Game Over: Nintendo is Discontinuing the NES and SNES Classic

Oh boy. If you’ve been pondering picking up one of Nintendo’s Classic consoles—the NES Classic or SNES Classic—you may want to pull the trigger on that decision soon. After the holidays, Nintendo will stop selling both.

If you followed the NES Classic drama at all, you probably remember that Nintendo sold out of the console pretty damn quickly when it was first released. At that point, it was almost impossible to buy one without spending the insane price resellers were asking. Nintendo seemed to have learned its lesson during that debacle because the re-released NES Classic and SNES Classic both had plenty of stock available.

But as they say, all good things must come to an end. While there isn’t a firm date on when we can expect Nintendo to stop producing these consoles, it probably won’t last very long into 2019 (if at all), so now’s the time to buy if there ever was one. Otherwise, you’ll have to pick up a Switch and buy into Nintendo Online. Or, you know, roll your own retro gaming machine.

via The Verge


Chinese hackers reportedly hit Navy contractors with multiple attacks

dims?crop=5000%2C3437%2C0%2C0&quality=85Chinese hackers have been targeting US Navy contractors, and were reportedly successful on several occasions over the last 18 months. The infiltrators stole information including missile plans and ship maintenance data, according to a Wall Street Jou…

How Much Storage Do You Need on Your Phone?

writers-opinion-storage-phone-featured.jAny device or machine we buy always seems to have considerably more space than the last one. Thirty years ago no one thought of buying computers with gigabytes. That would have seemed like a silly waste. Look at phone storage. Without even going all the way back to when mobile phones started to become something we all kept at our sides, when iPhones first came out in 2007 it was with either 4 GB or 8GB. In 2018 their largest iPhone offered 64GB, 256GB, or 512GB. That’s a huge jump in just 11 years. But is all that really needed? How much storage do you… Read more

MakeTechEasier?i=SD8PDVxj9L0:Bcd7xhowu8Q MakeTechEasier?i=SD8PDVxj9L0:Bcd7xhowu8Q MakeTechEasier?i=SD8PDVxj9L0:Bcd7xhowu8Q MakeTechEasier?d=qj6IDK7rITs MakeTechEasier?i=SD8PDVxj9L0:Bcd7xhowu8Q MakeTechEasier?i=SD8PDVxj9L0:Bcd7xhowu8Q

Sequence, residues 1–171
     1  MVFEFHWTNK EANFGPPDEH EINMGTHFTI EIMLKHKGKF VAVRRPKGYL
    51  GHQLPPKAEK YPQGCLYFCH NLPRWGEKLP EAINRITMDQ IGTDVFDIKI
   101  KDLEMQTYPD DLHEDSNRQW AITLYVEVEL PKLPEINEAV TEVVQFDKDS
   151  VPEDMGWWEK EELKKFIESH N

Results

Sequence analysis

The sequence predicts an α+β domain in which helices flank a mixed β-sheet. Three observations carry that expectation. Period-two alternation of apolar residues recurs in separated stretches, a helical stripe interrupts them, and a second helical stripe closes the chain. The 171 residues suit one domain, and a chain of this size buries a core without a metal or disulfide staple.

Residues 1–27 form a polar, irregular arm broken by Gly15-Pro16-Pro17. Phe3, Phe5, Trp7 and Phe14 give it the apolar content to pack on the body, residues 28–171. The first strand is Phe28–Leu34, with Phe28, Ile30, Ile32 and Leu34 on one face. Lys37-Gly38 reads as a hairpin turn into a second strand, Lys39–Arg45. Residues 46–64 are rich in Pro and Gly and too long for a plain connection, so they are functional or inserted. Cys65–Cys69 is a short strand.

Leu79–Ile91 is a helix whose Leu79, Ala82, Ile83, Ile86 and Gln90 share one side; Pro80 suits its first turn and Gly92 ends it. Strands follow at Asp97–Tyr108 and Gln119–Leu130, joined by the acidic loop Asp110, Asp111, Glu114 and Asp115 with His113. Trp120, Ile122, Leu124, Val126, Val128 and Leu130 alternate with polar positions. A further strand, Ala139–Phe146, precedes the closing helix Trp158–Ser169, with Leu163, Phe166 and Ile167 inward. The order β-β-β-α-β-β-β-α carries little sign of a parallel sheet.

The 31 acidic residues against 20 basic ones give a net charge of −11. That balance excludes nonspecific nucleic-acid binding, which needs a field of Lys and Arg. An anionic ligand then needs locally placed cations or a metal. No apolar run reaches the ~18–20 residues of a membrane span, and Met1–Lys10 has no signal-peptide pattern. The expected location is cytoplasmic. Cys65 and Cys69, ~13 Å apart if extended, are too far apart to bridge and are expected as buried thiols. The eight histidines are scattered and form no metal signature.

How to Add Images to a Header or Footer in Microsoft Word

Headers and Footers in a Word document are useful for adding dates, page numbers, and whatever other text you want. You can also place images in your header and footer, which is handy for adding, for example, a company logo. Here’s how to do it.

First, we need to add a header or footer. If you just want to pop open the header or footer area and do your own thing, all you have to do is double click in the areas at the top or bottom of any page in your document.

Word also features some built-in header and footer designs you can use to get a jump start on things. To use them, switch to the “Insert” tab and click either the “Header” or “Footer” button.

Insert Header or Footer

This opens a drop-down menu with several built-in layouts, so select whichever you like. Here, we’re going with the first header option, which is a standard blank header.

Blank header

You can type text if you want or, if you only want an image, highlight the sample and delete it.

highlight text area

Read the remaining 11 paragraphs

Got WiFi dead spots? Consider a mesh network system


Ad Content from Linksys

With so many smart home gadgets in the house these days, you may need WiFi in areas like the basement, garage, or even outside to power your smart doorbell or outdoor camera. But chances are your current router doesn’t cover your entire home, and you’re left with dead spots – those areas in your house where your wireless signal inexplicably seems to disappear. 

With all the devices, metal appliances, and architectural interference in the average home, it’s no wonder why even the fastest, most powerful WiFi router can miss a few spots. But before you invest in another wifi extender that delivers a weaker signal, think about using a mesh WiFi system.  Read more…

More about Supported, Tech, Innovations, and Consumer Tech